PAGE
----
No Libel Thanks to Fair Report Privilege

MEMPHIS (CN) – A TV station is off the hook for libel charges thanks to the Tennessee fair report privilege, a federal judge ruled.
     A district court found that WHBQ had no reason to doubt a police press release, though a woman accused of forgery was later cleared of wrongdoing.
     Pamela Hill and her son Dylan bought clothes from a Memphis Old Navy story in February 2013 and Pamela paid for them with a personal check, according to the Order Granting Summary Judgment.
     Four days later, the Memphis Police Department released a bulletin with photos of the Hills, claiming they had forged a check using an Olive Branch, Miss. woman’s information.
     WHBQ reported the story the next day, referring to the Hills as “two thieves” and broadcasting their photos, according to the court’s order.
     Pamela Hill heard about the news report, became upset and went to the police department to explain her side of the story, claiming that Old Navy made a mistake because the number on her receipt was one digit away from her bank account number. The Memphis Police closed the file even though Old Navy claimed its system was foolproof.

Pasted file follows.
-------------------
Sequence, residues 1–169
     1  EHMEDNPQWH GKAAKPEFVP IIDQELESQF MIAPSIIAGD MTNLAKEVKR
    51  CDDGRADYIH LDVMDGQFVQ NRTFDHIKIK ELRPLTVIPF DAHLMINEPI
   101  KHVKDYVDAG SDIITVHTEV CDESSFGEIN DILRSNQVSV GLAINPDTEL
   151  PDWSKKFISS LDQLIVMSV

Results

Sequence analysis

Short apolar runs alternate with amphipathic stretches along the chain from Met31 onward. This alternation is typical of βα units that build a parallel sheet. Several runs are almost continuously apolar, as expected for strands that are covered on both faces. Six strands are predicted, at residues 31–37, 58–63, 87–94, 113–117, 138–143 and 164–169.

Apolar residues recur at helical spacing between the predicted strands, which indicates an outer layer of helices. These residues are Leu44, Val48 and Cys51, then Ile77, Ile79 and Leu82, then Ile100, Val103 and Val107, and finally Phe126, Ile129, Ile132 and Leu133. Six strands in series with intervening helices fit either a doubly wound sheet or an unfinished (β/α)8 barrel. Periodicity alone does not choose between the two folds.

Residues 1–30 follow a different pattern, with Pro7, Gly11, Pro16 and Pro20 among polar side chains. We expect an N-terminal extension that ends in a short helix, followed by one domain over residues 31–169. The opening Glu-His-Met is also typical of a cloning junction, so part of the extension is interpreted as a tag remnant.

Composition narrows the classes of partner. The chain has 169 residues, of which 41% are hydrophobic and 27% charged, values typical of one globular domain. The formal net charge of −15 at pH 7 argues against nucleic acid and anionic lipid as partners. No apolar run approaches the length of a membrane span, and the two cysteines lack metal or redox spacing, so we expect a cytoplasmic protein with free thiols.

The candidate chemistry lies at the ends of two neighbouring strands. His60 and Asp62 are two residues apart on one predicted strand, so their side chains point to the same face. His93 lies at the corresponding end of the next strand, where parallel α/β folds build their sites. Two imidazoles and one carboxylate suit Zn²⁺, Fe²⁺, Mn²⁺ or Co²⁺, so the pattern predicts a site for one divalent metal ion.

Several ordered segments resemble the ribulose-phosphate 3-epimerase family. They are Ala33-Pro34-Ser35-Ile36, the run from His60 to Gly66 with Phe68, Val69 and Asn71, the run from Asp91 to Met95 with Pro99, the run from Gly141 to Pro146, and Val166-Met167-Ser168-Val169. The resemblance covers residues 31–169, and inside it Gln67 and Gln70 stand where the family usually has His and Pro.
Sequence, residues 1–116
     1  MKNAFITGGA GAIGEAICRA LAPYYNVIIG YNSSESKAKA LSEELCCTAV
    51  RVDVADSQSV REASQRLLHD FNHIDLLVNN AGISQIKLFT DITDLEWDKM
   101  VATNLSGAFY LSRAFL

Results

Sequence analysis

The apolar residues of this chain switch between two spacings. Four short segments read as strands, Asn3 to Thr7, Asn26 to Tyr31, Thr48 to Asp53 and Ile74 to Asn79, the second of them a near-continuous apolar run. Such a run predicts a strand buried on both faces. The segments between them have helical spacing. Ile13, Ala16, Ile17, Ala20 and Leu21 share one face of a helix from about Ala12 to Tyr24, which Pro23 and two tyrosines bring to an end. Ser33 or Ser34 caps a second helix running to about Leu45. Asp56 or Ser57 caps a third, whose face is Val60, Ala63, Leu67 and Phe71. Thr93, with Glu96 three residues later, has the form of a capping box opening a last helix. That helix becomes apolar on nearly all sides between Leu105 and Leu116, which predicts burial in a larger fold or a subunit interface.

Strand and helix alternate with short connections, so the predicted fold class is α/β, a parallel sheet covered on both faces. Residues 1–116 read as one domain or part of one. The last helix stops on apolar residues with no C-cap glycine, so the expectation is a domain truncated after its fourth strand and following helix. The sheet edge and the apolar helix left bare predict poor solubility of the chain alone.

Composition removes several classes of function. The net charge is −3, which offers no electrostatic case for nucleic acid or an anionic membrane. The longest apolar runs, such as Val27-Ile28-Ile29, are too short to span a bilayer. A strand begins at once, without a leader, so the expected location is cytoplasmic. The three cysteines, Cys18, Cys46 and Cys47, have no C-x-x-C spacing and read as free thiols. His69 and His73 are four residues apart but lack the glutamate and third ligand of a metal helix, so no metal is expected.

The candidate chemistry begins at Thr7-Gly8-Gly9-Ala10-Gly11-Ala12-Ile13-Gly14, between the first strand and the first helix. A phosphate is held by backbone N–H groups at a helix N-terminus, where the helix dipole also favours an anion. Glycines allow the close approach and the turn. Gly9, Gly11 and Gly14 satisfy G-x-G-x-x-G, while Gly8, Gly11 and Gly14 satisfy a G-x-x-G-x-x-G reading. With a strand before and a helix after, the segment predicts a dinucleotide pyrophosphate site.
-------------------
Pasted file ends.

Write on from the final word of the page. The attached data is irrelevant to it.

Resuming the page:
Other news outlets retracted the story but WHBQ did not, according to the ruling. The Hills, including Pamela’s husband Adam, sued the TV station and Old Navy in August, alleging negligence, defamation and libel, false light invasion of privacy and infliction of emotional distress.
     U.S. District Judge John Fowlkes Jr. dismissed the case on May 20, finding that the Tennessee fair report privilege, which protects reporting of official proceedings such as police communications, applies in this case.
     “The court finds that WHBQ’s report of the incident at Old Navy is a fair and accurate summary of the police press release upon which it was based,” Judge Fowlkes wrote. “While the court acknowledges that the use of the words ‘thieves’ and ‘steal’ instead of ‘suspects’ may cause the public to view Pamela and Dylan Hill in a more negative light, this does not skew the contents of the MPD press release.”
     The Hills did in fact argue that WHBQ’s broadcast was unfair and inaccurate because it contained the words “thieves” and “steal,” claiming that they imply “a conclusion of guilt.”
     Fowlkes disagreed, because forgery is a type of theft under Tennessee law and the report was “a straightforward restatement of the press release.”
     “In the state of Tennessee, individuals who forge checks are prosecuted for theft of property,” he wrote. “Thus, the news report is not an inaccurate description based on the MPD press release’s characterizations.”
     WHBQ did not act with actual malice, Fowlkes added.

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